How Well Has America Been Handling the COVID-19 Pandemic?

Original source:

Ava Otano, President of the Falcon Press

There remains some debate about what has made America’s actions in response to COVID-19 largely unsuccessful, but the fact that America doesn’t measure up to many other countries is indisputable. America consists of ¼ of all cases and 22% of deaths globally, although it only contains 4% of the world’s total population.

When looking at what measures allowed countries across the world to effectively handle the COVID-19 pandemic, some actions stood out in their ability to reduce cases and save lives. When put to the test, America has struggled to meet many of these measures. Some of these actions included immediate border closure, widespread testing, government stimulus packages, contact-tracing, effective quarantines and social distancing, clear public communication, and funds for hospitals and healthcare. Non-partisan, science-based responses to COVID-19 also aided in getting the virus under control.

The first of these actions, closing the borders, was put into place in the US, but only partially. On February 2, a partial travel ban on China went into effect, but permanent residents of the US and American citizens were allowed to return, albeit with medical screening and a two-week quarantine. Continually, more and more travel bans went into place. On March 2, for instance, people who were in Iran within 14 days of attempted entry into the US were not allowed to enter the country. As of March 13, aliens who had been in the Schengen Area (of Europe) within 14 days of attempted entry were denied access. Similar bans for the UK or Ireland went into effect on March 16. On June 22, the entry of “certain immigrants and nonimmigrants who present a risk to the U.S. labor market following the coronavirus outbreak.”(US State Department) until December 31. Entry into the US from Brazil was denied on May 6. Despite all of this legislation, there was never a “true” travel ban, and Americans and their family members were excluded from this legislation. Additionally, the transport of goods was exempt, and the people who flew the planes or drove the boats that carried those products were allowed entry, though this does not come as a surprise, considering how much the American people depend on trade with foreign countries.

Testing in America was also lacking, as testing was not only sparse, but actively discouraged by public figures. For example, President Trump encouraged the decrease of testing in the United States, stating, “When you test, you have a case. When you test, you find something is wrong with people. If we didn’t do any testing, we would have very few cases.” (The Washington Post) The influence of statements such as these also means that the CDC now recommends that asymptomatic people are not tested, though they may be a major cause of the spread of COVID-19. Even now, the total amount of tests daily has been decreasing, and there are 100,000 fewer tests daily than there had been in July.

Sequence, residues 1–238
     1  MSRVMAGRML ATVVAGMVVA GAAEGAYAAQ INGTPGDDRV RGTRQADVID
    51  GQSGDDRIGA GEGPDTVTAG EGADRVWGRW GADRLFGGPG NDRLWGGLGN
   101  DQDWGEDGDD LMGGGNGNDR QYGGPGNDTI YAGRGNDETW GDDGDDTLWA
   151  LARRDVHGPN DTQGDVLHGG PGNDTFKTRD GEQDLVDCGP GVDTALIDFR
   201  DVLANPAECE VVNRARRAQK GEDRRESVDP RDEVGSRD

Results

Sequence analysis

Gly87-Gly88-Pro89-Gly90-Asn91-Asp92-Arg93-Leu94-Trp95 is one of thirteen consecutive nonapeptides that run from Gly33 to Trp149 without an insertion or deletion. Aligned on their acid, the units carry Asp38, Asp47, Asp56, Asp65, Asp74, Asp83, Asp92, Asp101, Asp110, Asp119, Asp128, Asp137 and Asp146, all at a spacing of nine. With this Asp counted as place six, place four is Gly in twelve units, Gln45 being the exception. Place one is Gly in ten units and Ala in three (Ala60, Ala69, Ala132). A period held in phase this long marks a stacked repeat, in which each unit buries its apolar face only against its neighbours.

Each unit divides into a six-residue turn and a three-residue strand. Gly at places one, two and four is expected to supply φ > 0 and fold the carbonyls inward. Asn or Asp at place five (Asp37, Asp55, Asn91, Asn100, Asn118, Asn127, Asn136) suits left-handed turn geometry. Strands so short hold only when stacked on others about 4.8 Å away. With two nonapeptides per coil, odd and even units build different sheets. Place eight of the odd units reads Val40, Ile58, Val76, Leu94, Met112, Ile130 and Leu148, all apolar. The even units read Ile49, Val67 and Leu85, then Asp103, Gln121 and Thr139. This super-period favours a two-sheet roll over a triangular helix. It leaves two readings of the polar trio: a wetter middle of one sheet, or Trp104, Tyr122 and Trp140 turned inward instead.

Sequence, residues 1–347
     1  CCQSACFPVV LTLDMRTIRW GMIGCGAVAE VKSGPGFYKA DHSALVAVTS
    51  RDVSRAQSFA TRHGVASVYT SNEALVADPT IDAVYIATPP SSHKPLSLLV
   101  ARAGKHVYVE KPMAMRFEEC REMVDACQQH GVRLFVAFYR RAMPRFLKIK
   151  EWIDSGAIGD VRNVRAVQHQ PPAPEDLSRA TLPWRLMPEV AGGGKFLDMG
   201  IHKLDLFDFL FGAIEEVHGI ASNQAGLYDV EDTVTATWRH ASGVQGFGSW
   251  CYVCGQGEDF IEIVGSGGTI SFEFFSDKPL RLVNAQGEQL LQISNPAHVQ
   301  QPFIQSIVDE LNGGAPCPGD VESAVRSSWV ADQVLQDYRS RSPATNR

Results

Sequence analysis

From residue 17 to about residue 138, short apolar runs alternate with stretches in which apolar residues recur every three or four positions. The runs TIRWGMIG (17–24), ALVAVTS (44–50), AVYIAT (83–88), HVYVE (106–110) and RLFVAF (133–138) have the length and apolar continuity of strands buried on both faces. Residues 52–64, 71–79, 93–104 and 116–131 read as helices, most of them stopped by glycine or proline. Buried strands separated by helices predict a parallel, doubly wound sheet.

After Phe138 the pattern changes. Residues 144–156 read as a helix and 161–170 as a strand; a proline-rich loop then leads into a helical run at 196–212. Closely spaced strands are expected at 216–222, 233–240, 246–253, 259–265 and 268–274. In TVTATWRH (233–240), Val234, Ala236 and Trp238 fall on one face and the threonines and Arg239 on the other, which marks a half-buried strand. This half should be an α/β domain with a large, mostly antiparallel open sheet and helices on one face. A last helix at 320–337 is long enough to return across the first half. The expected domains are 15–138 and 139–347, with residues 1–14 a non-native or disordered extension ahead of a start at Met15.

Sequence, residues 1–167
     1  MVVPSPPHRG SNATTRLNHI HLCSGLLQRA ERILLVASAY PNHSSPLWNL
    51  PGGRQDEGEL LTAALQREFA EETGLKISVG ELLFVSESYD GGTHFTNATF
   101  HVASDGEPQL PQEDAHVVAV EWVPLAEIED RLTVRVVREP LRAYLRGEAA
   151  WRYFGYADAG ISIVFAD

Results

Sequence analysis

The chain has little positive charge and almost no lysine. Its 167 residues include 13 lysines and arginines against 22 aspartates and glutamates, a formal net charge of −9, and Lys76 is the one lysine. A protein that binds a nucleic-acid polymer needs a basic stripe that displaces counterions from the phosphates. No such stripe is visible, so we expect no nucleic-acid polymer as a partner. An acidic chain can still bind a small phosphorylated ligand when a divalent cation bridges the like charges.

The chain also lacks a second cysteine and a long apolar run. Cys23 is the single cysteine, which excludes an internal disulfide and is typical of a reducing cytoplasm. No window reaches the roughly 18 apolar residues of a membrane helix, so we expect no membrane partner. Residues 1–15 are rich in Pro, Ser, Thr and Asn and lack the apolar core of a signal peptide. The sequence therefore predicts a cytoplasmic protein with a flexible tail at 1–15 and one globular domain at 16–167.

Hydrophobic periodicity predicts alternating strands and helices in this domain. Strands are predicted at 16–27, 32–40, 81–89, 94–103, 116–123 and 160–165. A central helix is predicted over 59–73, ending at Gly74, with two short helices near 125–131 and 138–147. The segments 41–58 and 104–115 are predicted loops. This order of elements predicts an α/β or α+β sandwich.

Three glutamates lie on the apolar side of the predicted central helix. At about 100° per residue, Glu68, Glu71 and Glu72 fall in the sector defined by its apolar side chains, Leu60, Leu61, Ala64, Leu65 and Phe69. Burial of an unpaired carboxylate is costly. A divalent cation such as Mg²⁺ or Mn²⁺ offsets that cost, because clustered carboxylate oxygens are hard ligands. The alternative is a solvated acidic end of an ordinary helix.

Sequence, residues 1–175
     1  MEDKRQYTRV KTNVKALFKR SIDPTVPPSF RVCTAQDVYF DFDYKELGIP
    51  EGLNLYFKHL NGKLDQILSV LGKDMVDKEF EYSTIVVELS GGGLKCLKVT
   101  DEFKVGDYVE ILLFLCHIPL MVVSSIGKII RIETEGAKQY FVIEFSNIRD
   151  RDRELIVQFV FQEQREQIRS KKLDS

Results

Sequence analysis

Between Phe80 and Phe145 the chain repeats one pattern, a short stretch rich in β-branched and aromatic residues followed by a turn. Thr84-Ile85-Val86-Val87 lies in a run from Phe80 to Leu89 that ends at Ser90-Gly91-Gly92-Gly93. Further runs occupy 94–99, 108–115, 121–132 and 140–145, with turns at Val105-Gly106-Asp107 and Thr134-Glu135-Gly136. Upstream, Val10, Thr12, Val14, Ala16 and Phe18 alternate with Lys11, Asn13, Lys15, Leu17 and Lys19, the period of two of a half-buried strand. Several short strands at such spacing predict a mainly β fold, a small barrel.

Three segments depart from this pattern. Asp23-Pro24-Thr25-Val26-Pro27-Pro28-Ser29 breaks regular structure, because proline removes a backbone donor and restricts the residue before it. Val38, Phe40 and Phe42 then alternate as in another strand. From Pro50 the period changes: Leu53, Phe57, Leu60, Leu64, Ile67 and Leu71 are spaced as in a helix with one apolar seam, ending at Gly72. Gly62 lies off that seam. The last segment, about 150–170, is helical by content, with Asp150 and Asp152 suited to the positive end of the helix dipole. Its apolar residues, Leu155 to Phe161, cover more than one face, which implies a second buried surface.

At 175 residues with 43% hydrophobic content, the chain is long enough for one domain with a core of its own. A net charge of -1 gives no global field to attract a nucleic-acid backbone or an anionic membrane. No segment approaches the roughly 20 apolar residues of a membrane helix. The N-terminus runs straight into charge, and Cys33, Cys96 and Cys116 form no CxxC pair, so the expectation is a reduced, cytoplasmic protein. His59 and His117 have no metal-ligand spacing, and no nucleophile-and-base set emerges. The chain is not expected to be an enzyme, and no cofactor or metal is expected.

As far as contact-tracing is concerned, both a lack of funding and a lag in test results make its effective implementation more difficult. Mobile tracing would be both more reliable and easier, but privacy concerns can get in the way of implementation. Additionally, undocumented people or people who don’t want their geographic location tracked may not be involved, and it is always possible that people will falsely report infections. Such problems may become more frequent if data is collected by third-party companies.

Effective quarantines and social distancing are essential to mitigating the spread of the coronavirus, but concerns over losing a job or housing can make people reluctant to quarantine. After all, if you can’t earn enough money to eat or pay rent, it’s impossible to quarantine in a house or apartment.

Another factor that contributed to the inconsistent American response to the pandemic was partisan politics. Many countries that succeeded with the COVID-19 pandemic had united national responses — something that America sorely lacked. President Trump has continually downplayed the risk of the virus, which may have contributed to the fact that polls show that Republicans are less concerned about coronavirus than Democrats. Republicans are less likely to say that they fear hospitalization or unknowingly spreading the virus; a gap that increased between April and June. Thankfully, the gap in behavior is narrower than on questions about what the government should do; people who say that it shouldn’t be a requirement to wear a mask in public often wear masks in public. This partisan divide, fueled in part by the media and political rhetoric, makes it more difficult to have a rational discussion about what risks can be tolerated as we reopen.

Public communication is a key part of a successful response to the COVID-19 pandemic. Consistent, national strategies are important to ensuring that everyone follows guidelines; but in America, we had a state-by-state approach, something that doesn’t make sense when someone can easily move over state borders, potentially taking the virus with them.